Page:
Robert (gurdonark) wrote,

life is a really complicated song to which I sing the wrong lyrics

One of my favorite obscure songs is a ditty called "Fletcher Honorama" by a band called Sparks. Like so many bands I first took up 30 years ago, Sparks went through a "really great" phase, then some really very mediocre phases, and now has settled into a perfectly workable middle aged small label
phase. "Fletcher Honorama" dates from their very first album, released in 1972, when they wanted to wear skinny ties and retro their way through the British Invasion songs
some seven years before the "new wave" would make this a really marketable possibility. This phase of the band's career, spanning some four albums, actually culminated in the band briefly becoming a teenybopper sensation in the UK--certainly the oddest agglomeration to ever do so. But I digress.

Sparks is one of those 70s bands for whom the lyrics were very important. The two Mael brothers, who really "are" Sparks (though in the early days, like Steely Dan, Sparks was more of a band and less of a concept), always have favored a rather quirky approach to music. Ron Mael's lyrics are dark, satiric, sometimes obscure and yet more than a bit giddy. Sparks songs tell of suicide pacts in which one lover changes her mind after the other has stepped off the cliff and of what it must have been to be on the shore, impending oblivion, watching Noah's Ark sail away.
It's the sort of artsy silliness that makes rock critics gnash their teeth but makes me smile. Sparks had four really great records. Why does God give all bands only four really great records?

How curious, though, that one of my very favorite Sparks songs is "Fletcher Honorama". You see, the initial Sparks album lacked a lyric sheet. Although Russell Mael's odd, very high falsetto (unlike Geddy Lee, Mr. Mael sounds like his voice actually belongs in those high, high pitches) is usually rather easy to understand, "Fletcher Honorama" is a dark, complex slow ballad sung at the bottom of Mr. Mael's register. The words are lost in this wonderful mist of sound and density. In short, until years after the album was released, I had absolutely no idea what the singer was singing. I could hear the refrain "so be sure that the boy don't die before the morn", which somehow led me to believe that the song was a socially conscious satire about anti-semitism in a private school. The internet taught me better. The true lyrical story is a bit murky, but seems to be about an 80 year old twin on the verge of passing from this mortal coil, being addressed by a narrator who seems none too sorry to see him go (and perhaps a twin inherit his portion).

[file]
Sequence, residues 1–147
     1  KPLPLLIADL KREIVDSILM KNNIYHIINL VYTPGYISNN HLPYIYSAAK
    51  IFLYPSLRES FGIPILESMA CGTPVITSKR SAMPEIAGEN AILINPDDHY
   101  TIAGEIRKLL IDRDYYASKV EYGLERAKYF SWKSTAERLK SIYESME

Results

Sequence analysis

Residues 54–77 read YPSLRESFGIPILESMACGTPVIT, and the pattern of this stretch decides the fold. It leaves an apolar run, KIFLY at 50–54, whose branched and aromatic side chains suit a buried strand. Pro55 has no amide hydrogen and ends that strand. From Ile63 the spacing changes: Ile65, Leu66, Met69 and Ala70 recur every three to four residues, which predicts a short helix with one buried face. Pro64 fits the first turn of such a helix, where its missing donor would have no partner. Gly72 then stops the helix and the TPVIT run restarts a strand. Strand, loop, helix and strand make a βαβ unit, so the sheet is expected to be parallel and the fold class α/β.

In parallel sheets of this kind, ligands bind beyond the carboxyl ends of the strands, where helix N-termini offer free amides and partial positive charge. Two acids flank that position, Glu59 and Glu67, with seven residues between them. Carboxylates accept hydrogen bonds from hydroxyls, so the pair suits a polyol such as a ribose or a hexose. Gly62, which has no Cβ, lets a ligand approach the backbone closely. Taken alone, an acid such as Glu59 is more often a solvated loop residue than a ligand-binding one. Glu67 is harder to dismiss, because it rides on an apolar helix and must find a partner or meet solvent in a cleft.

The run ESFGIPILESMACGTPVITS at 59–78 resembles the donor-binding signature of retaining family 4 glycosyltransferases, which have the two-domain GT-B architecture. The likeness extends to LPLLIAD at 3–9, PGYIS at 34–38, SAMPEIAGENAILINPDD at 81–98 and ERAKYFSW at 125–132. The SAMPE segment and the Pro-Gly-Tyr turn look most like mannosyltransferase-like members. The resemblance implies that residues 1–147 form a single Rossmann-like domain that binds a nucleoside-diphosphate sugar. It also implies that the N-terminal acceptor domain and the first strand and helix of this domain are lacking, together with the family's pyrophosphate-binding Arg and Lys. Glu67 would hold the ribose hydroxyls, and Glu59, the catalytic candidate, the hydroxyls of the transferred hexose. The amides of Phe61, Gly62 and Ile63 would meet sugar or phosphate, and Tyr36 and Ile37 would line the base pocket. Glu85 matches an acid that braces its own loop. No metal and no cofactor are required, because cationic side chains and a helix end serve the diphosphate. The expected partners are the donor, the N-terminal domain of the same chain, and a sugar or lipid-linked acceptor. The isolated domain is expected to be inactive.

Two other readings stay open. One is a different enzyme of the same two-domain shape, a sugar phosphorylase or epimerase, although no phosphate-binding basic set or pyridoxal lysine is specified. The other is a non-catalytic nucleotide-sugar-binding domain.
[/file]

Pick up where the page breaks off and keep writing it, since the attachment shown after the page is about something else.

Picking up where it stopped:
Now, we all get lyrics wrong. Heaven knows lots of tried and true chestnuts from the radio are sung by me with words that have no relation to the true words, other than a fleeting metrical similarity. Here on LJ, I see this phenomenon discussed, and I believe my daemon's name is Legion on this point. For that matter, I am not sure that lyrical fidelity by a band is all that important. Back when I'd go see the band in its Murmur and Reckoning days, I loved that Michael Stipe sang different REM lyrics from year to year. The words to REM songs never mattered much (reading the early ones on the internet rather confirms this view), as they were largely atmospheric, anyway. The 80s bands essentially broke my view that lyrics must always mean something--it's clear that lyrics need not do anything. I'll confess I still love a good song lyric; but I no longer demand one. In 1977, a band without good lyrics would never
arrive in my record collection.

But the notion of what we hear when we think we hear a lyric is fun. I regularly paste an entirely wrong lyric or an entirely wrong story into the space where I can't hear what a vocalist is saying. This form of projection--the "I'm a storytelling animal and I project a story into everything" is as human as anything. But what intrigues me is not that we all do it, and it can be funny what words we choose.
What amuses me is the idea that in all our lives we project so much of the lyrics that "ought to be there" into everything we perceive.

Epistemology is fun and all that, but it really doesn't matter (or matters too much) how we know what we know, and what we really know. But what interests me is how much of the story we must color in with mental crayons ourselves to make the picture work. I notice when I see a marstokyo theater this I see things nobody sees, and I don't mean that in a self-complimentary way. I just project the heck out of it. I've discussed before, I believe, how I imported an entire passage into the end of Great Expectations which is not really there.

But for all my imperfections, one that that "endears me to me" and yet confuses me regularly is how much "active listening" for me turns into "fill in the blanks". Oh, it's fun to fill in the blanks. But sometimes I worry that life is this really cool black and white film noir, and yet in my mind it's kinda an odd Disney animation flick, sure to break box office records in Iceland. It's not that I mind the colors--I rather like them. But in some afterlife ruled by the artists of reality, will Woody Allen appear at my trial to protest all the colorization (probably not, lack of standing)? Is an aware mind one which leaves the novelization of perceptions behind? I don't plan to answer any of those questions, nor to seriously solicit answers.

Instead, I plan to take 12 songs I know, and write new lyrics for them. As in the Alice in Wonderland story, the question is really who is the master--myself or the word.
Once I have written those 12 new song lyrics, I'm going to make a point to sing all 12, straight through. What will this achieve? Nothing. But at least I'll know the words.

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